During this Toe-in study,
I was responsible for driving those trucks off the line and
out into a test track. I was the first person to drive a lot
of trucks. I’ll tell you, some of them didn’t start first
Q: How long did it
take to make a truck?
A: We were making 33 per hour, which was our target.
Each truck from the first step of bucking to completion took
about 2 days to make it through the entire line.
Q: What else did you have to do?
A: I remember they had a wrecking yard out in
Hamilton. This was about 30 min away from the Oakville
plant. Any parts or vehicles that were not up to snuff were
sent there to be destroyed. Say for example a truck were to
fall during loading of a train, or just have too much damage
to repair, it would be destroyed. They didn’t want it to
make its way to market and impact Ford’s reputation or
worse, be a safety liability. The same was true of parts
that were deemed not up to snuff. My name came up and it was
my turn to go to this scrapper and witness the destruction.
So, I took one of the cars and followed this truck of stuff
out. I had a clipboard, itemized to the load and was
supposed to sign off. I learned that this was because they
were fearful of a black market in defective parts passing
through the wrecker’s hands. The cars and trucks were easy
to wreck – put them in a machine and they get crushed
Goldfinger style and come out as a little cube. The parts
though – transmissions, rear ends, major sub-assemblies –
well they had to be individually destroyed on a big shear.
That was time consuming. The guys kept saying that I should
just sign and go enjoy an afternoon off, but I was young and
keen, so I watched it all, which did not seem to thrill
them. I was too naïve to realize that I was messing up their
I also had to participate
in the year-end changeover. Everyone would be sent on
vacation for 2 weeks and those that stayed would be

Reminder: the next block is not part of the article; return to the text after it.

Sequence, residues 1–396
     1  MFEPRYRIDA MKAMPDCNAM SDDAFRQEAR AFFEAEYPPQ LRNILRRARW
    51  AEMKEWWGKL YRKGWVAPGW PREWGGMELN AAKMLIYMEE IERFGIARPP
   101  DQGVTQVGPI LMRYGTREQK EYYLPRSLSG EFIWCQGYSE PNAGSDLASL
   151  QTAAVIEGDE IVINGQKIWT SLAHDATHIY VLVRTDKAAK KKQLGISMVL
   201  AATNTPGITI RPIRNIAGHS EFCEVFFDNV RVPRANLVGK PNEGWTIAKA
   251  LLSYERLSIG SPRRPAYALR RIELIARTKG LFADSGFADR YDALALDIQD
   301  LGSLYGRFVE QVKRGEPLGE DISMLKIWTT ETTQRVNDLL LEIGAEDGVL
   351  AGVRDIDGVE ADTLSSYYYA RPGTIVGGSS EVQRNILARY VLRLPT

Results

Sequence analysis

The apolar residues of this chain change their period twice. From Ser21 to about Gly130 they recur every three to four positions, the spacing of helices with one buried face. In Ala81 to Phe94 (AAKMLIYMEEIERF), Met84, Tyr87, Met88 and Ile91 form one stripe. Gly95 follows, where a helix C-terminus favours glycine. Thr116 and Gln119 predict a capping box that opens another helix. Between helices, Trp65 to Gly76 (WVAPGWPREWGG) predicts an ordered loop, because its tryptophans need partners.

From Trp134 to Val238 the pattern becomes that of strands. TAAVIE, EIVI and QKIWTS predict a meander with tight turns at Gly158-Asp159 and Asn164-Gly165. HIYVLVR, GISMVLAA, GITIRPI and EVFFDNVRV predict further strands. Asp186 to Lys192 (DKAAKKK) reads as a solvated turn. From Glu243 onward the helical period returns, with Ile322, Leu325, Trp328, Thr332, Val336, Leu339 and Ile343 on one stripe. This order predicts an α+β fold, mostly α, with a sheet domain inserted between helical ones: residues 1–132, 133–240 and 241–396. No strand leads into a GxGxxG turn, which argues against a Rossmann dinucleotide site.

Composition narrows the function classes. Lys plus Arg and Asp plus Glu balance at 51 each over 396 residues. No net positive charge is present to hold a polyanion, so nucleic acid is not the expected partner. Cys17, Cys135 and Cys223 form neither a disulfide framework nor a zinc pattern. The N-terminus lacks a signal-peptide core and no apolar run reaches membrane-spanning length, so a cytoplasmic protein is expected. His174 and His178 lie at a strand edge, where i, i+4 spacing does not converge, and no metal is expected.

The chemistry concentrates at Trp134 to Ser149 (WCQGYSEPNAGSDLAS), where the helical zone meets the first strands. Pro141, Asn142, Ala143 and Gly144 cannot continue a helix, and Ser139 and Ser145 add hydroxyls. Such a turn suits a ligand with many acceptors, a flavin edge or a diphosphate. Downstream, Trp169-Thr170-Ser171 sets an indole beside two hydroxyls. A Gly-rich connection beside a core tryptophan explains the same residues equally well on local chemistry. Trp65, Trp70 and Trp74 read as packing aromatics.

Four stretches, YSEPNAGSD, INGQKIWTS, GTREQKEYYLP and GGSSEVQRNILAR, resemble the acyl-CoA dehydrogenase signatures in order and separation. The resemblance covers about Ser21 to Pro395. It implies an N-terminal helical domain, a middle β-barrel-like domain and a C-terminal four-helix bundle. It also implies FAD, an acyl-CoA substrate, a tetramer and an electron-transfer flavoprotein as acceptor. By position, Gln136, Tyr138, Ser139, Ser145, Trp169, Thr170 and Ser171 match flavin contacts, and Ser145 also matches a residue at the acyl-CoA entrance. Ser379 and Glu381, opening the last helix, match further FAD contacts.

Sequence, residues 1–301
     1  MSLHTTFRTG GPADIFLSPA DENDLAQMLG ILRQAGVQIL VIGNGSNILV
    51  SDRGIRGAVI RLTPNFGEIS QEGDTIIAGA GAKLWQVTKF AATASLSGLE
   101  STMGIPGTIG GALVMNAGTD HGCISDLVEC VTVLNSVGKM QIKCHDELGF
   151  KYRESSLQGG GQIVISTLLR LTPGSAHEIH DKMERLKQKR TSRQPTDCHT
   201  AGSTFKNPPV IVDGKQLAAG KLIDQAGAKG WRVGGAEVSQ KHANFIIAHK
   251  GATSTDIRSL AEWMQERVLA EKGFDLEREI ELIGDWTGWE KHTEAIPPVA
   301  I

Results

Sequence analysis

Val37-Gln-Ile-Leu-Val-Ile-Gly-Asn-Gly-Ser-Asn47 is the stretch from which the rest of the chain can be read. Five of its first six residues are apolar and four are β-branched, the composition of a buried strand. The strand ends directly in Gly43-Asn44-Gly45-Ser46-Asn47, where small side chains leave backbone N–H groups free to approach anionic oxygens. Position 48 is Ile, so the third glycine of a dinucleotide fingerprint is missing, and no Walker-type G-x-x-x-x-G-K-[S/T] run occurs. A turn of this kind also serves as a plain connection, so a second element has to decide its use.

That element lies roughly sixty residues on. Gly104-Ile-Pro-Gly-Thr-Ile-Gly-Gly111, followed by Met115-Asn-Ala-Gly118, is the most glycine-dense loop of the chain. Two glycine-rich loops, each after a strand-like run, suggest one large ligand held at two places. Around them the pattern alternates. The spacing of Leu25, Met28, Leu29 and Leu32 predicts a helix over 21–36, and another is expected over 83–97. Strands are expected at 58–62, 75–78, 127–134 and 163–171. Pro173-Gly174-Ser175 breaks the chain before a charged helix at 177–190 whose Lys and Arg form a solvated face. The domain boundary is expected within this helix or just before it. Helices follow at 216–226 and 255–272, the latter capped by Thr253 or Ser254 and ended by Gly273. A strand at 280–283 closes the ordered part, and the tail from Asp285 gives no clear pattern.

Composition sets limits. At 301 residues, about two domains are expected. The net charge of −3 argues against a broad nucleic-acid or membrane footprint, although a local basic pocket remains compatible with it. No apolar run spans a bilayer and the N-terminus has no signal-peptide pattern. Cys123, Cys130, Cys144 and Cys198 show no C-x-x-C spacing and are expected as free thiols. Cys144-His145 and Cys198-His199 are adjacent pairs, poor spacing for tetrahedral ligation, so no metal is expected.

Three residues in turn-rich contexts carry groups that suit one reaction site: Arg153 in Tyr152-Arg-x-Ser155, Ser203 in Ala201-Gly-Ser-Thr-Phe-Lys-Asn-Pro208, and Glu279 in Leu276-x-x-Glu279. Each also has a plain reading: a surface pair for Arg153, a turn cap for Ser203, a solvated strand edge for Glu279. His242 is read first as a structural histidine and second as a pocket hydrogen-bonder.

responsible for adjusting and stocking the line in their
absence. All the old parts and tools that didn’t apply to
the new model year were removed and replaced. This included
all the paint supplies, etc. 67 to 68 wasn’t a radical
change in body style, but there were enough things that we
had a lot to do. Maybe the truck fans you told me about can
figure out what they were, it’s been a while.
Q: How about the paint line?
A: The paint line was my second term. As you know,
I’m colour blind, but what the hell. They had 12 standard
colours and then non-standard colours and also special
colours. All told, the guys were painting something like 24
different colours. [Marlon’s note: I will annotate some of
the photos to show you what he meant]. I was responsible for
quality control. It got to where if I saw a truck out in
town, I could tell who had built it by the way the caulking
was daubed on. Each guy had his own signature like a
wireless operator in WWII.
The white bumpers,
mirrors, grilles and rims were painted at the car plant
across the alley.
There were 12 guys to paint a truck. They worked on opposite
sides, painting up to the centerline. The best painters were
at the end of the process. The colour code would be written
on the firewall early in the build with a bleedable grease
pencil. That way the painters could see it coming down the
line and get ready without reading the build sheet itself.
[Marlon’s note: his 1967 report deals with how the build
sheets are made, how the VIN plates and ID tags are made and
associated with each vehicle, when they’re installed, etc].
The bleedable pencil would show up through the primer. They
used the same guns for every colour, just would switch and
run the new colour through it for a few seconds before
applying it to the truck.